• GERMANIC MIGRATIONS AND
  • FRANKISH KINGDOM
  • JOHANNES REUCHLIN
  • THE WEIMAR CONSTITUTION
  • W
  • INFLATION, REPARATIONS, AND
  • THE STRESEMANN ERA, 19231929
  • STABILIZATION AND LOCARNO,
  • CULTURE AND SOCIETY
  • ROAD TO DICTATORSHIP,
  • T
  • CONSOLIDATION OF POWER
  • THE NAZI TOTAL STATE
  • ULRICH VON HUTTEN
  • PERSECUTION OF THE JEWS
  • RELIGION AND THE CHURCHES
  • FOREIGN POLICY
  • W
  • THE BATTLE OF BRITAIN
  • INVASION OF RUSSIA
  • HITLERS PLANS FOR EUROPE
  • TURNING OF THE TIDE,
  • THE HOME FRONT
  • THE RESISTANCE
  • PHILIP MELANCHTHON
  • D-DAY TO DEFEAT NAZI GERMANY
  • THE HOLOCAUST
  • A
  • ALLIED PLANS AND CONFERENCES
  • DENAZIFICATION
  • POLITICAL PARTIES AND TRADE
  • LOCAL STATE FORMATION
  • PARLIAMENTARY COUNCIL AND THE
  • ECONOMIC RECONSTRUCTION
  • T
  • ERASMUS OF ROTTERDAM
  • BUNDESTAG ELECTION AND
  • REGAINING SOVEREIGNTY AND INTEGRATION
  • RECONSTRUCTION AND THE ECONOMIC
  • TRANSITIONAL YEARS AND
  • THE GRAND COALITION AND YOUTH
  • THE SOCIAL-LIBERAL COALITION
  • OSTPOLITIK (FOREIGN POLICY
  • CULTURE AND SOCIETY
  • SOCIAL STRUCTURE
  • SCHMIDT ERA: SOCIAL UNREST,
  • PRINTING AND MEDICINE
  • THE KOHL ERA, 19821998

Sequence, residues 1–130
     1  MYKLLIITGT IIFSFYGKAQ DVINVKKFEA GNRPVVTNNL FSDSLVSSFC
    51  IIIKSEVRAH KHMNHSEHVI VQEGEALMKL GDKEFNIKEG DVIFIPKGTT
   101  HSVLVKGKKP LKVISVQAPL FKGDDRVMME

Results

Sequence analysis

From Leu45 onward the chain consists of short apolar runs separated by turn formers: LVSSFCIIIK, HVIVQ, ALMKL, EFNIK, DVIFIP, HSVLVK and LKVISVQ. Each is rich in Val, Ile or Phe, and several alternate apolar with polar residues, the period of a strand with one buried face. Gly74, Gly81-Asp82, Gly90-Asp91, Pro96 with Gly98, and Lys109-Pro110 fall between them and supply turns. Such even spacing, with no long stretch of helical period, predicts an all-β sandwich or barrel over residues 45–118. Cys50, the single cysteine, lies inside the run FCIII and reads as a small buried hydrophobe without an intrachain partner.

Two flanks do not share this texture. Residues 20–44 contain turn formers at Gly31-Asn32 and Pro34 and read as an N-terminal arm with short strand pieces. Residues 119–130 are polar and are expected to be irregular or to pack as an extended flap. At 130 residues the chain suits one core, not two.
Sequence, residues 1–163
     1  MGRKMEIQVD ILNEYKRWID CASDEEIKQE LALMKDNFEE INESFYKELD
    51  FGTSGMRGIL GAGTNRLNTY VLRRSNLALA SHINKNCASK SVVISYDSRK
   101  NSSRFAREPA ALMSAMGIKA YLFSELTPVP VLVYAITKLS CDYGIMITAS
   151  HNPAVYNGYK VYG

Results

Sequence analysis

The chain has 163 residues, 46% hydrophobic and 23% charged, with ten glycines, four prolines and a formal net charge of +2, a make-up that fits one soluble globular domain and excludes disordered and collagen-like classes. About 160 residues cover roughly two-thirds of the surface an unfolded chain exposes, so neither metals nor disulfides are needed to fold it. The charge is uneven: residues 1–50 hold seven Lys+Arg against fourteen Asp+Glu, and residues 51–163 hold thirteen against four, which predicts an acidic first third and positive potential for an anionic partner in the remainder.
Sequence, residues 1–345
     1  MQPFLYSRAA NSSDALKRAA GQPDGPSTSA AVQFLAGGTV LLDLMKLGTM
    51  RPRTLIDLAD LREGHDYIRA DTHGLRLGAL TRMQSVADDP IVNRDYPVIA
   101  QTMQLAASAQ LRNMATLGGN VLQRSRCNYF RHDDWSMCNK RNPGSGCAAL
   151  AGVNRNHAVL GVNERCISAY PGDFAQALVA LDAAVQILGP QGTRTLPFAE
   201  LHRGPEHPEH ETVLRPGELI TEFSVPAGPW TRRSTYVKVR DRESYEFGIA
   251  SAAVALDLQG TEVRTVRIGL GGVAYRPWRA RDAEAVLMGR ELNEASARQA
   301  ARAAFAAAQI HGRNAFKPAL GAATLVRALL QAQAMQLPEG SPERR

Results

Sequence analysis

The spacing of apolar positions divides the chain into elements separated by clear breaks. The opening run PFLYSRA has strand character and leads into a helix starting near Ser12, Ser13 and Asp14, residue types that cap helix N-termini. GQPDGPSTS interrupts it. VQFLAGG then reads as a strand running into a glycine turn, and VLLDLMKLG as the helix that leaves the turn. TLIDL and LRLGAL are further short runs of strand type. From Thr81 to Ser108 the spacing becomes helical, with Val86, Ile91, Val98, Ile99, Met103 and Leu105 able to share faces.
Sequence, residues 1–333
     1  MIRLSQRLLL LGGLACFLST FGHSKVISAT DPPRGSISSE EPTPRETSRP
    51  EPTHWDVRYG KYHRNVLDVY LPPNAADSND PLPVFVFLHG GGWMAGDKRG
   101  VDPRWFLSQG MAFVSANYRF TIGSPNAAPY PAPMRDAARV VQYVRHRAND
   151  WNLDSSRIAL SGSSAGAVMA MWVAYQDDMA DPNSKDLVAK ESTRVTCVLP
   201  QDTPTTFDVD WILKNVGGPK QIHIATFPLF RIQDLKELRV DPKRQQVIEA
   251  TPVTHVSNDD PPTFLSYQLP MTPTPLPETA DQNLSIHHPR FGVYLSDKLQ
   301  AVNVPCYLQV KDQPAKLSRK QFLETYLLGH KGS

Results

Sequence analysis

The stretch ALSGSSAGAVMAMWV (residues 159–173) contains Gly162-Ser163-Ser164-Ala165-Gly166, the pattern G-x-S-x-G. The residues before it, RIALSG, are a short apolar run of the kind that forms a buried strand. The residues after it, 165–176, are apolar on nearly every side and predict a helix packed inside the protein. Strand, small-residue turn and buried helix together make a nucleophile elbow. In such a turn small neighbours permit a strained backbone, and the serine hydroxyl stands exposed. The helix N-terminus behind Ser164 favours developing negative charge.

• T
  • UPRISING OF JUNE 17, 1953
  • ECONOMIC SYSTEM
  • SOCIETY, EDUCATION, AND
  • RELATIONS WITH THE FEDERAL
  • R
  • CONSEQUENCES AND PROBLEMS OF
  • ECONOMIC UNIFICATION,
  • P
  • RENAISSANCE ART
  • UNIFICATION POLITICS AND ITS
  • FOREIGN POLICY
  • GOVERNMENT AND ELECTIONS,
  • HISTORICAL DICTIONARY A
  • A
  • Abwehr
  • Adenauer, Konrad
  • Afrika Korps
  • Agadir Incident
  • Agrarian League
  • NEED FOR CHURCH REFORM
  • Agricola, Rudolf
  • Air Force
  • Albert (Albrecht) of
  • Albert V
  • Algeciras, Conference of
  • Allied Control Council
  • Alsace-Lorraine
  • Altdorfer, Albrecht
  • Amiens, Battle of
  • Anabaptists
  • P
  • Anglo-German Naval Treaty
  • Anschluss
  • Anti-Comintern Pact
  • anti-Semitism/Jew hatred
  • anti-Semitism
  • Anti-Socialist Law
  • Ardennes, Battle of the
  • Arendt, Hannah
  • Armed Forces (Wehrmacht)
  • Armed Forces (Bundeswehr):
  • LUTHER AND MELANCHTHON
  • Army (Prussian to 1860)
  • Army (Second Empire,
  • Asylum Law
  • Atlantic, Battle of the
  • Auerstadt, Battle of
  • Augsburg, Diet of
  • Augsburg, Religious Peace of
  • Augsburg, War of the League
  • Augsburg Confession
  • Augspurg, Anita
  • LUTHER AND ZWINGLI
  • Auschwitz-Birkenau
  • Austerlitz, Battle of
  • Austria
  • Austrian Succession, War of
  • autarchy
  • autobahns
  • Axis, The
  • B
  • Baden-Württemberg
  • Ballin, Albert
  • CAROLINGIAN EMPIRE
  • KNIGHTS REVOLT AND GREAT
  • Barbie, Klaus
  • Barmen Declaration
  • Barth, Karl
  • Basic Treaty
  • Bauernschutz
  • Bauhaus
  • Baumer, Gertrud
  • Bavaria
  • Bavarian Peoples Party (BVP)
  • Bavarian Succession, War of
  • REFORMATION AND THE TOWNS
  • Bayer AG
  • Bayreuth
  • Bebel, August
  • Beck, Ludwig August Theodor